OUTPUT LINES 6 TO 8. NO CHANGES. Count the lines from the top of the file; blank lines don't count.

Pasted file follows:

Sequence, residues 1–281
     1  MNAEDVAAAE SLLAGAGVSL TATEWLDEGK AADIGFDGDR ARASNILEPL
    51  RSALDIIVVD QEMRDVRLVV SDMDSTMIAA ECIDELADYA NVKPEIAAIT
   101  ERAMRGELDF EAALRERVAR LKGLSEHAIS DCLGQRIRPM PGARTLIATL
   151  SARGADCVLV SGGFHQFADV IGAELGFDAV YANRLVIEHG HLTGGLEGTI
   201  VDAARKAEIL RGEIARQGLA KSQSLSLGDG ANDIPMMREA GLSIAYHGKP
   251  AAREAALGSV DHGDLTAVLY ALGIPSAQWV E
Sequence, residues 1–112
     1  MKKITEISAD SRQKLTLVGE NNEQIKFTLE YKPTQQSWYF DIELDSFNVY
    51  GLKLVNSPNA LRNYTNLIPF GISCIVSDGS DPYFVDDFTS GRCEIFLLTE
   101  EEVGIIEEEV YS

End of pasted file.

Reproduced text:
   201  VDAARKAEIL RGEIARQGLA KSQSLSLGDG ANDIPMMREA GLSIAYHGKP
   251  AAREAALGSV DHGDLTAVLY ALGIPSAQWV E
Sequence, residues 1–112